On the island of Maui, the King Kamehameha Day festivities includes the Na Kamehameha Commemorative Pau Parade which boasts a string of local marching bands and colorful floats that make their way down Front Street in the historic town of Lahaina. The parade route ends at the illustrious Banyan Tree Park where a Ho’olaule’a commences featuring traditional Hawaiian foods, popular island entertainment, arts, crafts, and hula dancing.
Father’s Day – June 17th 2020
Maui is a great place to be for Father’s Day. Plenty of golf and cold beer (craft or otherwise) awaits the Dad lucky enough to be here for this holiday! Check out our Father’s Day post for the latest happenings. Since Maui is such a wonderful place for families, it won’t be hard to find something Dad, and the kids can do together. One of our favorite things to do (other than a road to Hana excursion) is getting into the ocean. If you get a chance check out Hawaiian Paddle Sports outrigger canoe tour. The whole family can learn together about the Hawaiian culture and the teamwork involved in this ancient form of transportation. Plus you’ll get to do some snorkeling in one of Maui’s pristine environments – Honolua Bay!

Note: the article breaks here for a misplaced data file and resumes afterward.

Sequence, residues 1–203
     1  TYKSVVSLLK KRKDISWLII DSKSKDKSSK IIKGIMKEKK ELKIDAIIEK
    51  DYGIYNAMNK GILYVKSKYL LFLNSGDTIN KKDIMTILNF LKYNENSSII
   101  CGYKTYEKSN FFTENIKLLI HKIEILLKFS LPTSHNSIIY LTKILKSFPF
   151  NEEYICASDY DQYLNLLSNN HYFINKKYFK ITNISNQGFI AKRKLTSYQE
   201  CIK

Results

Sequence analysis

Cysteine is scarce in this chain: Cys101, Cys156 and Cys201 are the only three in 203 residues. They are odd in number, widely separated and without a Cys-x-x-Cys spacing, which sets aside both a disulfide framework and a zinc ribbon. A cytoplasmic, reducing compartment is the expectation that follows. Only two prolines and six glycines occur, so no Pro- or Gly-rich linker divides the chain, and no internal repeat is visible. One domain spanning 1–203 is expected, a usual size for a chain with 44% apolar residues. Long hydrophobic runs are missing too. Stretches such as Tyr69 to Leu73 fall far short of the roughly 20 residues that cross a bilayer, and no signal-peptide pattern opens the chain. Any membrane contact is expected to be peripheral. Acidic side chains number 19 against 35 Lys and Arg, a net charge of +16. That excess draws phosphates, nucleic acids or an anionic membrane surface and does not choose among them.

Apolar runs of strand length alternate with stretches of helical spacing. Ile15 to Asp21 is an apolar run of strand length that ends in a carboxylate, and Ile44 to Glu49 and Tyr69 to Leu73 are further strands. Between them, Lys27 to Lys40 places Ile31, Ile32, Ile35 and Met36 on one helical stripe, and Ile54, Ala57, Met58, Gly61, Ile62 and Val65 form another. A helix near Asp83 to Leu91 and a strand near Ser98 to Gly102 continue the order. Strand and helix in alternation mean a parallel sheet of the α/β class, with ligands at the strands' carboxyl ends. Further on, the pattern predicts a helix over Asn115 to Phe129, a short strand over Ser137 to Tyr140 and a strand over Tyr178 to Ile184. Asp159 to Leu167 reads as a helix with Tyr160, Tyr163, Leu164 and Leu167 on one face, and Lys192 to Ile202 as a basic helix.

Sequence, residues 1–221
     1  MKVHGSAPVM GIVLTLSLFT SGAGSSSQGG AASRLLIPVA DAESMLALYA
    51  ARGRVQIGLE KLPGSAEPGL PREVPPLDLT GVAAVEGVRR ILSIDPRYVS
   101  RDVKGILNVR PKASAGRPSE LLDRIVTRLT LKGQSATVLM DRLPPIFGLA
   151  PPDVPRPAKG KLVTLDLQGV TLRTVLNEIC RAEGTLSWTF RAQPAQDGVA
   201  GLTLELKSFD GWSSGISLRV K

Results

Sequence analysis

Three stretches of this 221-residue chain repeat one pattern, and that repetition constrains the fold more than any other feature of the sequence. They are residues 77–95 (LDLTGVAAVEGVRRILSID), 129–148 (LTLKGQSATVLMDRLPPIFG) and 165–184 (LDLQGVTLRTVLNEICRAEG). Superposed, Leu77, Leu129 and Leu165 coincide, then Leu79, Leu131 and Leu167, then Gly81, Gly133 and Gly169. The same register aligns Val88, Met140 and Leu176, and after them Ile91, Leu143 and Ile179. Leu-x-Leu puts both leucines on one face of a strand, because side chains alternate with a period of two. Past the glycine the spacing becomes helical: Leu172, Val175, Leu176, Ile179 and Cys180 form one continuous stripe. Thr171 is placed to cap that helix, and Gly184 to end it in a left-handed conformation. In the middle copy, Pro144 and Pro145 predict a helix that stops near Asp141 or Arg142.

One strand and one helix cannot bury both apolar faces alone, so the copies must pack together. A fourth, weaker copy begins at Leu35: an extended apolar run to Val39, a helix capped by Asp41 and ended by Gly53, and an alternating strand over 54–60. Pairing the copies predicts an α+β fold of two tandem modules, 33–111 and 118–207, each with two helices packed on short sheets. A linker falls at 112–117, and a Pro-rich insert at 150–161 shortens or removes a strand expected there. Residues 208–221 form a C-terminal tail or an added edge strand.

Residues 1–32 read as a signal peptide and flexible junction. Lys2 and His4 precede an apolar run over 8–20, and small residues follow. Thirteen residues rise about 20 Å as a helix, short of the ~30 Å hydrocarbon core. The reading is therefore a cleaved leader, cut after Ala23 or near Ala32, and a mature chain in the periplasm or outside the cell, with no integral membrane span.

Maui Film Festival – June 13th thru 17th 2020
Film festivals are hosted throughout the country, but few are as exciting and beautiful as the Maui film festival. Screening venues are set up on multiple sides of the island, but most of the parties and premier film screenings are in Wailea. From the Taste of Summer opening night bash at the Grand Wailea to the Taste of Chocolate to the taste of Wailea there are parties galore to attend. The Celestial Cinema is the festivals crown jewel venue. A 50-foot screen is erected in the natural outdoor amphitheater of Wailea Golf courses driving range, and the whole venue is powered by a solar array! Aside from the film screenings, awards, tributes and filmmakers panels the celebrities in attendance include Scott Eastwood, Colin Ferrell, Teresa Palmer, Adam Driver, and the always entertaining Laura Dem. Check out all the venues and screenings at //www.mauifilmfestival.com/ and keep up to date on the latest updates on their Facebook page !